A recent retrospective study published in Clinical Gastroenterology and Hepatology found that faecal microbiota transplantation (FMT) may be effective for the treatment of Clostridioides difficile infections (CDI) in children and young adults.
C. difficile treatment
Although current disease management paradigms for CDI rely heavily on antibiotic therapy, FMT has been increasingly recognised as a viable non-drug intervention for unresponsive or intractable recurrent CDIs. Based on the results from this multicenter study and accelerating efforts to standardise FMT through regulated stool banks, GlobalData believes that FMT will become a mainstream therapy in the US for treatment of recurrent CDIs in adults and children, with potential to alleviate both antibiotics usage and overall costs.
C. difficile is an important cause of antibiotic-associated diarrheal illness in children. An estimated 10–20% of pediatric CDI patients experience recurrent infections due to insufficient immune responses or dysbiosis of the host microbiome. FMT has been broadly validated for the treatment of severe and refractory CDI in adults, but the efficacy of FMT for CDI in younger patients is not well established.
The recent study encompassed individuals between 11 months and 23 years of age and found that 86.6% of the 355 patients who underwent FMT during a 13-year span had a successful outcome following one or more FMT treatments. Investigators found no relationship between age and positive response to FMT, and few serious adverse events after 60 days.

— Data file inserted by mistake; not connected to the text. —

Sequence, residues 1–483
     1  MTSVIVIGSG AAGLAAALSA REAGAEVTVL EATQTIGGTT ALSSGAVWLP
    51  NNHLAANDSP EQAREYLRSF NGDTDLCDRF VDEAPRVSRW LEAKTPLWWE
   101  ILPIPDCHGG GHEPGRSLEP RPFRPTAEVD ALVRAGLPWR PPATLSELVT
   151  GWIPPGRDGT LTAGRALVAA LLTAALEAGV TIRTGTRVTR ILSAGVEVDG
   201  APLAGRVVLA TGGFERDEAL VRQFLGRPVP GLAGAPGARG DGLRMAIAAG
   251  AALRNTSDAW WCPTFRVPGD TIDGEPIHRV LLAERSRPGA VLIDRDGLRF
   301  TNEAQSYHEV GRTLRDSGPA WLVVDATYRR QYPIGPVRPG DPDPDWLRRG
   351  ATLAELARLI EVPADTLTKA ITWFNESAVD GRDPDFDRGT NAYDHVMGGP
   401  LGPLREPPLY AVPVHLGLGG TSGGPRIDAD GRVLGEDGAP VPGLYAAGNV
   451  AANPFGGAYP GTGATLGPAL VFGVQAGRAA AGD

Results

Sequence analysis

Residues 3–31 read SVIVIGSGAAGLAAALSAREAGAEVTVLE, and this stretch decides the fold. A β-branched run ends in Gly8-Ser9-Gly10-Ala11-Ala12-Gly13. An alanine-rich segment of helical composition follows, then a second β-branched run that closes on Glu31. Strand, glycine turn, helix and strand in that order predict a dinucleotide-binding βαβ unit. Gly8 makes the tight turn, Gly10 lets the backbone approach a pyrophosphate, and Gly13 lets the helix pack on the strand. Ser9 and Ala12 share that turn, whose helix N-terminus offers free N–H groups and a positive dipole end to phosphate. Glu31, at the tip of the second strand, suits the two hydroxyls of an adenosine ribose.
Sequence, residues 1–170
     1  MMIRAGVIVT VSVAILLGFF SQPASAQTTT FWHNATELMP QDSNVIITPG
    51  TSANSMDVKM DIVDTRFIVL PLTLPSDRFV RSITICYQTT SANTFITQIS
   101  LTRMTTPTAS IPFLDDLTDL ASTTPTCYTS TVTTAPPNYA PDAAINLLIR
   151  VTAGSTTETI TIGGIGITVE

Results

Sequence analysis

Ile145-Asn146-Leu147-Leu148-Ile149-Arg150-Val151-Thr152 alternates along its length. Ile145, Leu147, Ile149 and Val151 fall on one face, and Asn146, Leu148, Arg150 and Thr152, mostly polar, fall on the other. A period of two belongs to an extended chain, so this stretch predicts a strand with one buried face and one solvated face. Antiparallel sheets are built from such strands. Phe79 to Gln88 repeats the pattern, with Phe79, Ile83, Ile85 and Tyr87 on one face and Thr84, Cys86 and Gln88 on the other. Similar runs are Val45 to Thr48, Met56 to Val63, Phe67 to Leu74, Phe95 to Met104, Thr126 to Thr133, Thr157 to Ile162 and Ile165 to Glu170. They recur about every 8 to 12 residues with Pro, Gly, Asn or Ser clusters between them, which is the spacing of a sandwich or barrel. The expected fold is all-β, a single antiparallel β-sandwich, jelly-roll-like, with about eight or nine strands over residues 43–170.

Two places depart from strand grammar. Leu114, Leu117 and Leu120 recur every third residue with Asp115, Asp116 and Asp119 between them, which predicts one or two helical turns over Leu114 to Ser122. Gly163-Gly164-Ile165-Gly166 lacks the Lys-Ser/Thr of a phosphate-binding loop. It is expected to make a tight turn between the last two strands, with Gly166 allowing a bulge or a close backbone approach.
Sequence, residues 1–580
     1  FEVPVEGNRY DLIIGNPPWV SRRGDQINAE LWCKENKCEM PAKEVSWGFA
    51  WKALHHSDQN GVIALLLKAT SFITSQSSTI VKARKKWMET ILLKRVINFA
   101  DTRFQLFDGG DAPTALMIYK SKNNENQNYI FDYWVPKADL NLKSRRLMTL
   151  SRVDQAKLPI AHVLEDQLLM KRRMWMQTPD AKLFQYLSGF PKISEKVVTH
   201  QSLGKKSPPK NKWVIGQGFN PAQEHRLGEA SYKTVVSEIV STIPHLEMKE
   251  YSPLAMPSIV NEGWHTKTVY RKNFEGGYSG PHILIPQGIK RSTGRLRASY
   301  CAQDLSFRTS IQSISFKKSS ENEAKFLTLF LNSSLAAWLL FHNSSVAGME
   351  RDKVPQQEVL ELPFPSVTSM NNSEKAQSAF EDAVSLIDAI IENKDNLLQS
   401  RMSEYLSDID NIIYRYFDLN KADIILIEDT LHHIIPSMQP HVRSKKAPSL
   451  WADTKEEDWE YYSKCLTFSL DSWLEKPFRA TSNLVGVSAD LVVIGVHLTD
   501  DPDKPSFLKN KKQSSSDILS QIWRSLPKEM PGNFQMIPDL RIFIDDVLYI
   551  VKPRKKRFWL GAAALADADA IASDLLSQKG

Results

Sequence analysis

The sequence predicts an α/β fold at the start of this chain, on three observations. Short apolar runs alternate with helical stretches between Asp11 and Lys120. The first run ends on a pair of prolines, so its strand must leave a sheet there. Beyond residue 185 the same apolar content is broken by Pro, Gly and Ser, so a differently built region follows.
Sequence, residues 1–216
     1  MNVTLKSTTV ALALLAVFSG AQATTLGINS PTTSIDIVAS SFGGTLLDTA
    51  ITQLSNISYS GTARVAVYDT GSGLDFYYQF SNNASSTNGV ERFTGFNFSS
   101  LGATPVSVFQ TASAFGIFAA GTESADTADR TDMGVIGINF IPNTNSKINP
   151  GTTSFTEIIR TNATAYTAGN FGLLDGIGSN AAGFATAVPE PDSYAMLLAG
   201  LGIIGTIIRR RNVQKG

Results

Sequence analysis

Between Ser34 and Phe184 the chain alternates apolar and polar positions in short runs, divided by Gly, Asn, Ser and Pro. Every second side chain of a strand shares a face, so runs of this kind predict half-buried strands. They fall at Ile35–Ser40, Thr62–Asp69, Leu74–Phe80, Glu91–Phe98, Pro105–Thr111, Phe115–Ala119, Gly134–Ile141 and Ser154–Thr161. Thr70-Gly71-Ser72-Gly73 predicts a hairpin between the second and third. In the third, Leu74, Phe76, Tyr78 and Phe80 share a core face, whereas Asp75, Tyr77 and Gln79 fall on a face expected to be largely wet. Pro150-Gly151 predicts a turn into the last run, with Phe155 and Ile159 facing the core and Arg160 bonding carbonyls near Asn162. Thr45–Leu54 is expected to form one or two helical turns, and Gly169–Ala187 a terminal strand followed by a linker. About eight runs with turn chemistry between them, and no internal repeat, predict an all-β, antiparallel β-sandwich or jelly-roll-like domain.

However, a limitation to the study was a maximum follow-up time of three months. Key opinion leaders (KOLs) interviewed by GlobalData cautioned that the latent effects of FMT on the developing microbiome and metabolic system remain unknown, and will require careful monitoring for downstream infectious or autoimmune consequences. The American Gastroenterological Association’s (AGA’s) FMT National Registry has taken strides towards this goal, tracking 4,000 patients at 75 sites over a decade to measure the short- and long-term effects of FMT.
According to GlobalData’s analysis, the CDI market is projected to exceed $1.6 billion by 2026, with over 80% of global sales coming from the US. The projected impact of FMT on the CDI market will likely depend on the speed of procedure standardization and US treatment guideline updates. Most FMT procedures are designed as adjunctive treatments to be administered after standard-of-care antibiotic therapy, directly competing with products such as Merck’s Zinplava (bezlotoxumab). Looking forward, experts have also pointed to a possible role for FMT as primary therapy for CDIs following further clinical testing, potentially supplanting antibiotics and aligning with stewardship goals.
Some drug developers, such as Rebiotix (a subsidiary of Ferring) and Seres Therapeutics, are working to commercialise standardised FMT-derived microbiologic therapies for patients with recurrent CDI. Both Rebiotix’s enema-based RBX2660 and Seres’ oral-based SER-109 are in Phase III trials, with primary completion dates in the coming year. Other organisations, like the Boston-based nonprofit OpenBiome, are attempting to streamline the FMT process by collecting stool samples from qualified donors to screen, freeze, and distribute to hospitals.
Notably, investigators in the Clinical Gastroenterology and Hepatology study found that the odds of a successful outcome were 2.66 times higher for fresh donor stool compared to previously frozen stool samples. The tradeoff between standardization and clinical efficacy will likely become a principal consideration as FMT continues to solidify its position in the CDI management paradigm.